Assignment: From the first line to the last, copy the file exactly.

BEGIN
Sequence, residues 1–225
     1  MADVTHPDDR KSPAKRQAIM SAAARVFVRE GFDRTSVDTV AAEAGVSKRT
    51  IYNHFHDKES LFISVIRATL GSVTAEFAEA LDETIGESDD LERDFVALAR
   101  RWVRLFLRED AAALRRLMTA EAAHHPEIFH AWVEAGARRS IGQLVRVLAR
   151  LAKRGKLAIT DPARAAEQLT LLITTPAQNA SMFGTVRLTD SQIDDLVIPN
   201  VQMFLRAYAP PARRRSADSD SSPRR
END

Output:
Sequence, residues 1–225
     1  MADVTHPDDR KSPAKRQAIM SAAARVFVRE GFDRTSVDTV AAEAGVSKRT
    51  IYNHFHDKES LFISVIRATL GSVTAEFAEA LDETIGESDD LERDFVALAR
   101  RWVRLFLRED AAALRRLMTA EAAHHPEIFH AWVEAGARRS IGQLVRVLAR
   151  LAKRGKLAIT DPARAAEQLT LLITTPAQNA SMFGTVRLTD SQIDDLVIPN
   201  VQMFLRAYAP PARRRSADSD SSPRR